100th Women’s Day celebrated:
Passionate female speakers at the jam-packed open air auditorium of the Karachi Arts Council paid tributes to their sisters and pledged their commitment to the protection of women’s rights at a seminar held on the 100th International Women’s Day. The event was jointly organized by thirty social organizations.
The event kicked off with a song by Irfana Jabbar, a home-based worker called “Sar Jukhanay say kuch nahi hota” who in her mesmerising voice sang that a woman should not be submissive to anyone and should raise her head and be equal to all men.
Shedding light on the state of women rights in 2010, the Resident Director of the Aurat Foundation, Mahnaz Rahman said that this crowd gives a message to the government that the civil society is united in its condemnation of religious extremists. “Religious extremism has affected women to a great extent. In Swat and the northern areas, a number of girls’ schools have been blown up”
While highlighting the positive aspects of 2010, she said that the women’s cricket team, winning a tournament was a big boost, along with Asma Jahnagir becoming the first female president of Supreme Court Bar Association. She added that other emancipated women such as Asia Games medalist Naseem Hameed and award winning film maker Sharmeen Obaid should be celebrated.
“Coming to the more unfortunate incidents, violence against women remained high and the majority of them were killed in Karo-Kari cases in Interior Sindh. Also, rape and gang-rape cases were also reported in high numbers.” She also called for the abolition of institutions and laws introduced during the regime of former military dictator Zia-ul-Haq.
Surriya Nasir, a nursing student, highlighting the plight of nurses said that they are facing a lot of discrimination in their profession. She added the funds which are being allocated for nursing institutions are being utilised by the doctors’ fraternity. She pointed out that there is a dire shortage of nurses. Ms Nasir urged the government to resolve the issues of nurses and encourage more women to join the profession.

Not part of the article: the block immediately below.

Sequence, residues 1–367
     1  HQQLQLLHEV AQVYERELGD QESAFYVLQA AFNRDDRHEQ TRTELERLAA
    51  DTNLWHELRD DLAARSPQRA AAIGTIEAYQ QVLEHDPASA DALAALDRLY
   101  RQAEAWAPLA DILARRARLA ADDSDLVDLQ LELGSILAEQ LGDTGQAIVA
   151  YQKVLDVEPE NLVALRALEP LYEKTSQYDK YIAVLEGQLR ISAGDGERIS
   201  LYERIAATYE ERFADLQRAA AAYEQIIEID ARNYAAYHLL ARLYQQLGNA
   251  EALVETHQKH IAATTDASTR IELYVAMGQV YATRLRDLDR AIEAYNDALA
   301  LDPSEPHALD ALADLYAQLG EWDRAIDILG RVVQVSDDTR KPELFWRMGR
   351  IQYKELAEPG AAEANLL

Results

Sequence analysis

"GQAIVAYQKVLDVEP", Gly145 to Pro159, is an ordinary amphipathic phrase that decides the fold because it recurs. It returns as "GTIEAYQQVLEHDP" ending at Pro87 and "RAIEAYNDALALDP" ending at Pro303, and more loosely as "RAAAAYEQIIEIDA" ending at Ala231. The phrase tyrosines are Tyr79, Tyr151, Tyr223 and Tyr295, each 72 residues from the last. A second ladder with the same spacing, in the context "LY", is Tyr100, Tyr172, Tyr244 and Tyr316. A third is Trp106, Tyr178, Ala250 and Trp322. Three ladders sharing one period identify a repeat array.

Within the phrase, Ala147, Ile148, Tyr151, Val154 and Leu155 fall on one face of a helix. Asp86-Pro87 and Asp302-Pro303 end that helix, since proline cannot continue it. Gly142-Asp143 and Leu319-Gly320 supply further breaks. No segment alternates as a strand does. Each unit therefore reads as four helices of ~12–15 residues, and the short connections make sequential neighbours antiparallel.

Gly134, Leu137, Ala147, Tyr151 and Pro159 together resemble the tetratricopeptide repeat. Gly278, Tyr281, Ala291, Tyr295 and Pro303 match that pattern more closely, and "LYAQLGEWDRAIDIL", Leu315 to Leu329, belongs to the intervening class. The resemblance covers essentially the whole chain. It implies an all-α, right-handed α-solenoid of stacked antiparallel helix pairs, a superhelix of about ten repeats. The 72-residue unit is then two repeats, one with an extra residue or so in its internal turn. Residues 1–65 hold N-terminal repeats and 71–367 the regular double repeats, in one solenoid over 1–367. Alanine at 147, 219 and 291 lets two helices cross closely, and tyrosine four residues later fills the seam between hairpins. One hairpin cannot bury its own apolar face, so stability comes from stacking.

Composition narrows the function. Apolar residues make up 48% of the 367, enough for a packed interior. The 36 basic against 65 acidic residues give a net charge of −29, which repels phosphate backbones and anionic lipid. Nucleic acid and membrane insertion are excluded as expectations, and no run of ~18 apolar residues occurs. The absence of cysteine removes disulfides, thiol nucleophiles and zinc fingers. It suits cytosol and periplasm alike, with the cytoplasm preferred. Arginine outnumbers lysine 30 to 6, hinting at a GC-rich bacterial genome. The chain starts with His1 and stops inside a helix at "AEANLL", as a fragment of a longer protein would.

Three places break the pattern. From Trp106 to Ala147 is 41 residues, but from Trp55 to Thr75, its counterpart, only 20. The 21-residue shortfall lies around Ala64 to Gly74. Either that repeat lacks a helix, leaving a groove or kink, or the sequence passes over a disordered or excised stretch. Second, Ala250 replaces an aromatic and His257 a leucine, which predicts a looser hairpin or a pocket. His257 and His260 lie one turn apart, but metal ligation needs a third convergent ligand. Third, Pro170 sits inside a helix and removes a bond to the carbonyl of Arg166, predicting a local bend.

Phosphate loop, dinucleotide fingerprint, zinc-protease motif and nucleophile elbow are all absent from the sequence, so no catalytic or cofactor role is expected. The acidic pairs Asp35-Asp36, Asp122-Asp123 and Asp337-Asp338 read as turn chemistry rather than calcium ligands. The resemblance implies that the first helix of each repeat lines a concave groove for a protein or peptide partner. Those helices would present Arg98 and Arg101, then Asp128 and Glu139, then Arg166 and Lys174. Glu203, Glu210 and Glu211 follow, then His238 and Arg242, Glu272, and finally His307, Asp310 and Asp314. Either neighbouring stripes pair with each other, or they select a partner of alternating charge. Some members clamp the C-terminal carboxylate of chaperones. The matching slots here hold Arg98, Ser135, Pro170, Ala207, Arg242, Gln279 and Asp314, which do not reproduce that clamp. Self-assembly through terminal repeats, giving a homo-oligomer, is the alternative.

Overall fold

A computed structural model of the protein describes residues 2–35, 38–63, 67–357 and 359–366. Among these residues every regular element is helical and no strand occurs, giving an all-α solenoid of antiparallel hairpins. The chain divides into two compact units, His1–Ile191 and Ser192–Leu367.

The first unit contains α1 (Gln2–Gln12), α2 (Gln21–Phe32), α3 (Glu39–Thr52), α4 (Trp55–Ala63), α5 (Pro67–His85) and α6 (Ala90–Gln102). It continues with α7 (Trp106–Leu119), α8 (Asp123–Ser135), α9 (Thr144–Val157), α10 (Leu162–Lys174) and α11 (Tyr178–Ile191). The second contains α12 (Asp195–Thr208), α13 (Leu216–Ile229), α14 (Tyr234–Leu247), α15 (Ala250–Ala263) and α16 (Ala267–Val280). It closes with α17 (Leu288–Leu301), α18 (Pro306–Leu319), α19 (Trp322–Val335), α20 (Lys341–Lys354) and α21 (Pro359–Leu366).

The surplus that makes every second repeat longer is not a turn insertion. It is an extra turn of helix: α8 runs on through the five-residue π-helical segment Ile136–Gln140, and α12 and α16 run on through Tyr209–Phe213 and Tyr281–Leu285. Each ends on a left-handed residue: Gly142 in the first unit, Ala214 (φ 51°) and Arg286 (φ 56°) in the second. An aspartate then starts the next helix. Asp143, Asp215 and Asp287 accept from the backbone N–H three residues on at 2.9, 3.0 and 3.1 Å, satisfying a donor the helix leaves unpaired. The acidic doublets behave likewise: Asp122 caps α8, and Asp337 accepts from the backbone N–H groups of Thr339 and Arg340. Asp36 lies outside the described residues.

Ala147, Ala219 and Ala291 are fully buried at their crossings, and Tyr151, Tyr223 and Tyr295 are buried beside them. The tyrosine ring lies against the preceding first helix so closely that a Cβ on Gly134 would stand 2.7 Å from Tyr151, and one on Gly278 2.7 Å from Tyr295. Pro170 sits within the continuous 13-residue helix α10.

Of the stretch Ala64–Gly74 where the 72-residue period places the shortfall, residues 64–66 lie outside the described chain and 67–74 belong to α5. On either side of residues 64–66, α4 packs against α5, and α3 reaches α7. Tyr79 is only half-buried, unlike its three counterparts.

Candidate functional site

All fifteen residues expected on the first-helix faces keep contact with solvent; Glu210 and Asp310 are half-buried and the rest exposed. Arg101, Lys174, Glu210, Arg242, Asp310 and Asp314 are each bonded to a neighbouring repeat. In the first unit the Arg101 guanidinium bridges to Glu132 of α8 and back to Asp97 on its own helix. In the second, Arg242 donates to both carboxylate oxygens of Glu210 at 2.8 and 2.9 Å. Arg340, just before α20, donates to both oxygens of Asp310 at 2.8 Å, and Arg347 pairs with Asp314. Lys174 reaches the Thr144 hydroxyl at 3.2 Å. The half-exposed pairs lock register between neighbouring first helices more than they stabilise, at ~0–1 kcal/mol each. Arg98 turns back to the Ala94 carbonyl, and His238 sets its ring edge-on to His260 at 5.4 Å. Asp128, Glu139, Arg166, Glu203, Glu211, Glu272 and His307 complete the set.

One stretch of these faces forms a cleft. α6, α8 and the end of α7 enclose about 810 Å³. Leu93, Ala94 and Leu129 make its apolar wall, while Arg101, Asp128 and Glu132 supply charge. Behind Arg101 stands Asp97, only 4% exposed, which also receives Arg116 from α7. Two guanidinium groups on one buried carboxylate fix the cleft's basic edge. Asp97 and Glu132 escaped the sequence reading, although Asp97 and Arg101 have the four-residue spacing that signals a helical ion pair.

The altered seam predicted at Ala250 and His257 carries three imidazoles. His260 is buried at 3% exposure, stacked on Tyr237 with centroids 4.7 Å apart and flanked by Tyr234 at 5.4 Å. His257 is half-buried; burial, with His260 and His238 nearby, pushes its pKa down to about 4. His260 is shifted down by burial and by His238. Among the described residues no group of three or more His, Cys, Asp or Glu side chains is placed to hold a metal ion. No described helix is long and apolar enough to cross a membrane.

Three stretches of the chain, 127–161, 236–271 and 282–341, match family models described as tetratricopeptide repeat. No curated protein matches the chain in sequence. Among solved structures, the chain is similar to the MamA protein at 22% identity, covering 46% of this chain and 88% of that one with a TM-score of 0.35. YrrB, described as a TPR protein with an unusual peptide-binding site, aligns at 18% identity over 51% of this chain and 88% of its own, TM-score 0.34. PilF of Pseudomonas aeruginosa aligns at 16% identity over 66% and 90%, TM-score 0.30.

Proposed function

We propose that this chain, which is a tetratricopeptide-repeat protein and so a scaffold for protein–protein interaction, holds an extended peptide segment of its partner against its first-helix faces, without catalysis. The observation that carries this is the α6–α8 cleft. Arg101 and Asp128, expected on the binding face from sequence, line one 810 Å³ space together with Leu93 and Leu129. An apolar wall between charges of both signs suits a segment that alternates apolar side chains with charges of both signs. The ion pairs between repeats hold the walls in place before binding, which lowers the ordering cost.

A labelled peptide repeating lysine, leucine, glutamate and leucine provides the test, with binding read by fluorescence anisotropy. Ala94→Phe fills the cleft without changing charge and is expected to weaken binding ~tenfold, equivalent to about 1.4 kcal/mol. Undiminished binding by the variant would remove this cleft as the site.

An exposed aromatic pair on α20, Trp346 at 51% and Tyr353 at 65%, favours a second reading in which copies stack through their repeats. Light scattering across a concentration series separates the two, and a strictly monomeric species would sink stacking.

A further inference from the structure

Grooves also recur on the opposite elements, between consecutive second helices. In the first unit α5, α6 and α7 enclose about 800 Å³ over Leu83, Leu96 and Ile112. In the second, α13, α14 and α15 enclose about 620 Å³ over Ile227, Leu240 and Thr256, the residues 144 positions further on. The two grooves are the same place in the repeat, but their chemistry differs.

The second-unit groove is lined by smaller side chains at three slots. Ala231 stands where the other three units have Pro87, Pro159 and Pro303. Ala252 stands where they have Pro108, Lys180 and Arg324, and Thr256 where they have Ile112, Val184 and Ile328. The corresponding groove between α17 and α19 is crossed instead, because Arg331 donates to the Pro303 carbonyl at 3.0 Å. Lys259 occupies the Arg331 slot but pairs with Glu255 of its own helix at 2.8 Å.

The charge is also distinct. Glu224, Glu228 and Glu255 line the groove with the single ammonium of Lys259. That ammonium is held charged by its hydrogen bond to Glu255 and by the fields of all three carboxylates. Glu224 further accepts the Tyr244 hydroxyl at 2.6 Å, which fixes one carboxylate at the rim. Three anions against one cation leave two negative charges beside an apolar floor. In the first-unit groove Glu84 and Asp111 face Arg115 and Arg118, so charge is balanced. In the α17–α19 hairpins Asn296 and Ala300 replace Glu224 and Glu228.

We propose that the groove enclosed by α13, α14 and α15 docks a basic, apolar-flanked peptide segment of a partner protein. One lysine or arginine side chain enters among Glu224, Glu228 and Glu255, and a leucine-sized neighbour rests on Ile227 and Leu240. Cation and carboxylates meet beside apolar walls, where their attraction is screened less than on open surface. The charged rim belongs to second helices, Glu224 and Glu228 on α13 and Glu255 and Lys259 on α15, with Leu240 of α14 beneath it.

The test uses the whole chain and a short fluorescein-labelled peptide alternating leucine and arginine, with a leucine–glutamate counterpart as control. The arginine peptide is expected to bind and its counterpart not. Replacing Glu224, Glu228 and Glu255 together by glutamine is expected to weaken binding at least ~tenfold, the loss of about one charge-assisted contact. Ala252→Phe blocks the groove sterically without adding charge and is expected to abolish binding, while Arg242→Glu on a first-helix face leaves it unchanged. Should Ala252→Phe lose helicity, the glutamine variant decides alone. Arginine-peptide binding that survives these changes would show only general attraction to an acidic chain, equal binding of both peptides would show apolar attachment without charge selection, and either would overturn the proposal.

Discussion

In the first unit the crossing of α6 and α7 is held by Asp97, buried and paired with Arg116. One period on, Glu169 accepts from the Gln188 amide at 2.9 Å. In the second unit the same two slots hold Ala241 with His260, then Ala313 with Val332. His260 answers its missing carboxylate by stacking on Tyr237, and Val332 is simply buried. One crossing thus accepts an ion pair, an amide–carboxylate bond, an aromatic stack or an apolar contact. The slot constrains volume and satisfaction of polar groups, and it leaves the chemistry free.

Hameeda Sikander, raised the issue of women workers, saying that those who work in factories or at homes are never appreciated by society. “We demand social protection be given to them and that they are appreciated by their families.”
Malka Khan, another social activist, said that she was happy that women from 18 towns had come to participate in the event, adding that women from Interior Sindh were also present.
Farhat Parween, said that hundred of years ago, women working in facotires in the United States struggled for their rights she said that the purpose of this event is talk on women-related issues.
Prior to the seminar, the women gathered at the Karachi Press Club and walked their way, chanting slogans as they marched towards the Arts Council.